Kirkland organic peanut butter – $9.99 for 3 1/2 quarts
Kirkland organic olive oil – $.42/oz
Avocado oil – I forget how much this actually is because I haven’t had to buy it yet, but it is by far the best price in my area!
Organic whole wheat tortillas – $5.59/20 count
Kind Granola bars – $.50/bar
Cashew Crunch (kind of an alternative to granola bars) – $5.90/lb
Kirkland organic tortilla chips – $1.96/lb
Organic lemonade – $2.95/gallon
Organic blackberry lemonade – $3.89/gallon
Hebrew National Beef Franks (all-beef, kosher) – $2.37 for 7 franks
Not food related: Paper products are great prices at Costco! We are fairly brand-loyal when it comes to these things (we have opinions on toilet paper, whatever). We tried the Kirkland brand of tissues, paper towels, and toilet paper, and we are happy. Also, organic laundry detergent, soft picks, and gas.
What We Do Not Buy at Costco
If you are not looking for organic or non-GMO labels, Aldi beats Costco prices for nearly every conventionally grown or processed product.
I did not buy raw honey there, because I try to buy it in bulk from a local farm in order to get maximum health and price benefits. If I’m going to pay through the nose for good honey, it had better be good.
How to Spend Too Much at Costco
Do not shop with blinders.
Do not go with a list.
Buy all the trendy foods. There are enough “gluten-free” and “non-GMO” labels to crash all your financial dreams.
Everything I Wrote About #CheapHealthyCostco
If you want to see every post I wrote about this experiment, go here.
You can also read my #CheapHealthyCostco posts on Instagram here.
How to Know if Costco is Right for You:
- Are you trying to eat more organic produce and meat?
- Do you live in an area without local farms and farmers markets with bulk buying options?
- Do you go through a lot of toilet paper?
- Do your kids eat like they have tapeworms?
- Do you like salted caramel popcorn, but want it to have “organic” in the title?
These are all valid reasons to try a Costco membership. At the time of this writing, Costco has a money-back guarantee, which I understand to mean that if I try the membership for a while and don’t like it, I can ask for my money back.
So there is no risk in at least trying.
Will We Keep Our Costco Membership?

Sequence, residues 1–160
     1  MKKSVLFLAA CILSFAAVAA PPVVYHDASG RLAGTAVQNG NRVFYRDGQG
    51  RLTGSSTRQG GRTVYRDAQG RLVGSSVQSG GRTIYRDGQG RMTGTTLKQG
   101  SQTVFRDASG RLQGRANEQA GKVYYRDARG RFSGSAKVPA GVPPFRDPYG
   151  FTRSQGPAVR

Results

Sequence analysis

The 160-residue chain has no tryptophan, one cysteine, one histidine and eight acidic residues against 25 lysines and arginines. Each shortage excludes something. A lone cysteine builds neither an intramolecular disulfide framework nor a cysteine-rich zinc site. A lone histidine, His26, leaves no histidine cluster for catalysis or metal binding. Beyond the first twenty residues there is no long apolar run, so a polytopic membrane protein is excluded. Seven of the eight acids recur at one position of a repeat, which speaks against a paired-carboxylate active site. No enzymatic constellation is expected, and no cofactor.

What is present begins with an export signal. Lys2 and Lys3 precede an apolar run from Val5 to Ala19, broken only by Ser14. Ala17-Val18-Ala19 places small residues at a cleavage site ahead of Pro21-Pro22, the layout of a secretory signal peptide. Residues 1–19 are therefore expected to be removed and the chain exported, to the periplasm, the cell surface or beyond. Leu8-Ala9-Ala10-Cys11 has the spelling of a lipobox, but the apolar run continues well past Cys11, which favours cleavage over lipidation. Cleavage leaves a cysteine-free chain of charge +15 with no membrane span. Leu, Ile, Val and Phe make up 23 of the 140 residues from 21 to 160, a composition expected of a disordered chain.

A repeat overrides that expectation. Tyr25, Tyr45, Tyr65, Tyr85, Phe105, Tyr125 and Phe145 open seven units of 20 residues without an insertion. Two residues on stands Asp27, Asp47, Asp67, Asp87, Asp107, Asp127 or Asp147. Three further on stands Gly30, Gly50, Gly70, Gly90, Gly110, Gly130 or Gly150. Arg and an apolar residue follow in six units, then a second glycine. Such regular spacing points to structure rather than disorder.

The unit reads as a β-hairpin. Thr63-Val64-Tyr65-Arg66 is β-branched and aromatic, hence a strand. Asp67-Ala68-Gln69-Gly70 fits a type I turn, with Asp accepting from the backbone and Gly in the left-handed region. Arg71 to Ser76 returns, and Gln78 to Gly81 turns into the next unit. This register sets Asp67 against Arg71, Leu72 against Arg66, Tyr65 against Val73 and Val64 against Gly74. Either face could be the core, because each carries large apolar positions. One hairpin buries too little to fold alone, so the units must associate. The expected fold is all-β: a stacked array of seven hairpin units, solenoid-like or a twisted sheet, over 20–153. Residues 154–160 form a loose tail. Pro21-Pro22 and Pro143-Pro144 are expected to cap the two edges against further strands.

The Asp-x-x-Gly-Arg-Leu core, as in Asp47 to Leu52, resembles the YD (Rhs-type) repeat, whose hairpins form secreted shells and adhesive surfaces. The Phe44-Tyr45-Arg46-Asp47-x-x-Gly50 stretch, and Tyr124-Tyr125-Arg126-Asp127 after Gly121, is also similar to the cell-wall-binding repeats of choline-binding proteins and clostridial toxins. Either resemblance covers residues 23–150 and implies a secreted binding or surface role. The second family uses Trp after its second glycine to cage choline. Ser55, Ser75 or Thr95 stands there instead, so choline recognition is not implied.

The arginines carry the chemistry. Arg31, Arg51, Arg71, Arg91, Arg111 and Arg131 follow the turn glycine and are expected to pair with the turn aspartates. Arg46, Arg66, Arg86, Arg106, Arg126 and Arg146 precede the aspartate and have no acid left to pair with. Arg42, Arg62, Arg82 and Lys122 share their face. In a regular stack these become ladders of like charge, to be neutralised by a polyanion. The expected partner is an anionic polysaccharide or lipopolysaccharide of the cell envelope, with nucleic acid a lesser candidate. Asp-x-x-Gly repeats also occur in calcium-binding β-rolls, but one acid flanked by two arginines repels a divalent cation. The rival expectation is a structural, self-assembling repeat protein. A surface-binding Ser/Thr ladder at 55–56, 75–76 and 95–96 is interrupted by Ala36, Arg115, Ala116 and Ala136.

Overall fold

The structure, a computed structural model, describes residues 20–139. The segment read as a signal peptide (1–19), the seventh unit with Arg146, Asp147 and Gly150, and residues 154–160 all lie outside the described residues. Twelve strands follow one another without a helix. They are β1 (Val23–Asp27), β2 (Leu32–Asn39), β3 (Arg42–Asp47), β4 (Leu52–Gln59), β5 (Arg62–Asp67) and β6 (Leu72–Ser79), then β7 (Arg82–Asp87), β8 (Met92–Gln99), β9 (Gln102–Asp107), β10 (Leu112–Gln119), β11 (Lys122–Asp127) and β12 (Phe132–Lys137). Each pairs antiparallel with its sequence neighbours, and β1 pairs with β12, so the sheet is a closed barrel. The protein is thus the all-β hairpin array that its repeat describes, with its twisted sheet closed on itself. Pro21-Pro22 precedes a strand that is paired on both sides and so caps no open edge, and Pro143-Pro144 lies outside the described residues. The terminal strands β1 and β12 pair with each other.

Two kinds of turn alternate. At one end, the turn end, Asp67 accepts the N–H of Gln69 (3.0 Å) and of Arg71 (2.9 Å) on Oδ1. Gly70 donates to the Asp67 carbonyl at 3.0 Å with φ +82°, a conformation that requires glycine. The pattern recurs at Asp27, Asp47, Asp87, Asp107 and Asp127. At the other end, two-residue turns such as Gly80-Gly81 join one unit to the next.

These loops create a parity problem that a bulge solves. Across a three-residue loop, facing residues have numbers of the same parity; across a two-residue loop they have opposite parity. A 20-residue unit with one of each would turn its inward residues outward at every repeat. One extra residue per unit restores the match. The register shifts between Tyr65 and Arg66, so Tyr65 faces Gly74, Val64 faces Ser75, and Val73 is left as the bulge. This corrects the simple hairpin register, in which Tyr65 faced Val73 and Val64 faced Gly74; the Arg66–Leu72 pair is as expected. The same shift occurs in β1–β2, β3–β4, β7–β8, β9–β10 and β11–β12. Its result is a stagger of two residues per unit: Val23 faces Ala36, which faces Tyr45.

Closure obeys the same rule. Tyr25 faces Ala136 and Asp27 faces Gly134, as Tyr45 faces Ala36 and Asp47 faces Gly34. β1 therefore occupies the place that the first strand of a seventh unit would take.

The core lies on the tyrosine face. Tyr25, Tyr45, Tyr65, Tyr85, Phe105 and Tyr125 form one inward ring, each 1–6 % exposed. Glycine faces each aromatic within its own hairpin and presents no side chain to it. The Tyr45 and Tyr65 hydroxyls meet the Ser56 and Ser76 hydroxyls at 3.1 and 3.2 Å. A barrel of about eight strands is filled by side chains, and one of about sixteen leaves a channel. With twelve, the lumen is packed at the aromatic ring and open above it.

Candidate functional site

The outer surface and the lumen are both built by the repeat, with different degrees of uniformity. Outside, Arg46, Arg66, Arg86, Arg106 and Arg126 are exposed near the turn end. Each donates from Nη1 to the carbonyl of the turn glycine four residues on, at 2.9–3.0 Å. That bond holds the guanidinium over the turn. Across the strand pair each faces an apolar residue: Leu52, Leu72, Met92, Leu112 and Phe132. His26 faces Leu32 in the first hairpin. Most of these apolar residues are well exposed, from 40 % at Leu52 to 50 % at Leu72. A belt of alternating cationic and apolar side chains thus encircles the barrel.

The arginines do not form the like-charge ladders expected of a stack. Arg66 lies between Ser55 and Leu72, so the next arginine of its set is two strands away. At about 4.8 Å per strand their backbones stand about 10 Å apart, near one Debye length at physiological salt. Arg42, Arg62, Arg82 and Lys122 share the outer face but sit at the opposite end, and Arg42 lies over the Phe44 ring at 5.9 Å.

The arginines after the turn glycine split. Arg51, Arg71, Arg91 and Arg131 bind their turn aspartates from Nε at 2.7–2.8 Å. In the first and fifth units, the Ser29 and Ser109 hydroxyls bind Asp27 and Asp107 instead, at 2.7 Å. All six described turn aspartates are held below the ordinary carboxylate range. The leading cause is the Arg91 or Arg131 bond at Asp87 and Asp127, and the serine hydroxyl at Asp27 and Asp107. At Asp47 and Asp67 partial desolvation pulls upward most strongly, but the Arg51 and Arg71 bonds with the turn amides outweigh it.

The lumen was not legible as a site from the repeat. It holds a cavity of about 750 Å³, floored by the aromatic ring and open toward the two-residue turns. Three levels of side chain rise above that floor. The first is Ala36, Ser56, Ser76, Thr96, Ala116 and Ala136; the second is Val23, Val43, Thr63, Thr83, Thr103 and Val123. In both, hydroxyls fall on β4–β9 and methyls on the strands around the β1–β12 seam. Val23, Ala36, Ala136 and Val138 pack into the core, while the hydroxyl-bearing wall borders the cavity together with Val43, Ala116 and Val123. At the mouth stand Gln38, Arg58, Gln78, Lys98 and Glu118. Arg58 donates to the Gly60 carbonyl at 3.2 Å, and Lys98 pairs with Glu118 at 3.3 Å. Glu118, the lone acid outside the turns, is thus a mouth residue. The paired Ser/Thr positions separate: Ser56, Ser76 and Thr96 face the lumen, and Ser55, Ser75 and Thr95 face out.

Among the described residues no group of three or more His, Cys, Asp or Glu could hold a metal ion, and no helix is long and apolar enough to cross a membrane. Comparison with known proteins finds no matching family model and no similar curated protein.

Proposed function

Now that our experiment is over, we have a choice. Do we keep the membership or do we ask for our money back?
On one hand, we have eaten more organic than we ever have in our lives. And we did not increase our budget one penny. This is awesome.
On the other hand, I don’t know that I want to keep eating that way. I like trying different foods, and eating all organic kept our budget pretty tight.
For now, we will keep the membership. But I wonder if we will use it much in our next experiment.
The holidays are coming. Even though we keep a tight reign on gift-buying in our little family, the extra travel and extended family gift exchanges make this an expensive time of year.
To prepare for that, I am compromising a little on our general food practices.
For the next month or two, we will not try to eat organic, non-GMO foods. Instead, we will focus on simply eating whole foods – apples, lettuce, beef, eggs, plain yogurt, etc. – from the least expensive sources we can find.
The goal will be to see how cheaply our family of 5 can eat without worrying about special labels – just eating generally good whole foods.
The reality is, that is where a lot of us sit right now. We just need to eat whole food, and we need to do it cheaply.
I Need Your Help!
I haven’t decided on a weekly budget amount yet.
We are a family of 5 big eaters. High metabolisms, fitness-driven, and very active boys. We also need to eat moderately gluten-free.
If we spent $150/week on organic, grass-fed, (blah blah blah), foods, what do you think is a reasonable budget for this experiment?